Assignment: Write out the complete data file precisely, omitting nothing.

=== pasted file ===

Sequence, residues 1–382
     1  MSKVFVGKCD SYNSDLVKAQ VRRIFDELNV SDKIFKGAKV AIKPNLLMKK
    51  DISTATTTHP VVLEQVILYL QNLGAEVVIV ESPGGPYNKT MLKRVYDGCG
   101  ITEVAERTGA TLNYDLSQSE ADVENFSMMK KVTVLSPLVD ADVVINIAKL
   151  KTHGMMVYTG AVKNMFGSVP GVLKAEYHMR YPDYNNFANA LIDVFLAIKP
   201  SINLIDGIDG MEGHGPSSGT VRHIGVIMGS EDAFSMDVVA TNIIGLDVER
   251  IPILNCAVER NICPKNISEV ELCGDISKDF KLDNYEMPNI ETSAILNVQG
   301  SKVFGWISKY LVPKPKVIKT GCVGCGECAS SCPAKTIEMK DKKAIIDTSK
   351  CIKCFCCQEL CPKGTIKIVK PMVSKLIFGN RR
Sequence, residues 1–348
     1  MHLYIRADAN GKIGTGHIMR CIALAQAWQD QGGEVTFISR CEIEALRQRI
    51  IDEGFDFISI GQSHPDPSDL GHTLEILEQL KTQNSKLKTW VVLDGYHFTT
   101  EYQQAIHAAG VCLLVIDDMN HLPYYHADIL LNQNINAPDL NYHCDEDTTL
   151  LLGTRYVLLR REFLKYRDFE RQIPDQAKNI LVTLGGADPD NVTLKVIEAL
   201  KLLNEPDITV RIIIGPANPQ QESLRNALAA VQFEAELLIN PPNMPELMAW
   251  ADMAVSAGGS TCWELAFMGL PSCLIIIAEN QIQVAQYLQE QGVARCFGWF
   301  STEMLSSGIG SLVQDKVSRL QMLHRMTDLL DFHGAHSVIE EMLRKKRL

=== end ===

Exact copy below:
Sequence, residues 1–382
     1  MSKVFVGKCD SYNSDLVKAQ VRRIFDELNV SDKIFKGAKV AIKPNLLMKK
    51  DISTATTTHP VVLEQVILYL QNLGAEVVIV ESPGGPYNKT MLKRVYDGCG
   101  ITEVAERTGA TLNYDLSQSE ADVENFSMMK KVTVLSPLVD ADVVINIAKL
   151  KTHGMMVYTG AVKNMFGSVP GVLKAEYHMR YPDYNNFANA LIDVFLAIKP
   201  SINLIDGIDG MEGHGPSSGT VRHIGVIMGS EDAFSMDVVA TNIIGLDVER
   251  IPILNCAVER NICPKNISEV ELCGDISKDF KLDNYEMPNI ETSAILNVQG
   301  SKVFGWISKY LVPKPKVIKT GCVGCGECAS SCPAKTIEMK DKKAIIDTSK
   351  CIKCFCCQEL CPKGTIKIVK PMVSKLIFGN RR
Sequence, residues 1–348
     1  MHLYIRADAN GKIGTGHIMR CIALAQAWQD QGGEVTFISR CEIEALRQRI
    51  IDEGFDFISI GQSHPDPSDL GHTLEILEQL KTQNSKLKTW VVLDGYHFTT
   101  EYQQAIHAAG VCLLVIDDMN HLPYYHADIL LNQNINAPDL NYHCDEDTTL
   151  LLGTRYVLLR REFLKYRDFE RQIPDQAKNI LVTLGGADPD NVTLKVIEAL
   201  KLLNEPDITV RIIIGPANPQ QESLRNALAA VQFEAELLIN PPNMPELMAW
   251  ADMAVSAGGS TCWELAFMGL PSCLIIIAEN QIQVAQYLQE QGVARCFGWF
   301  STEMLSSGIG SLVQDKVSRL QMLHRMTDLL DFHGAHSVIE EMLRKKRL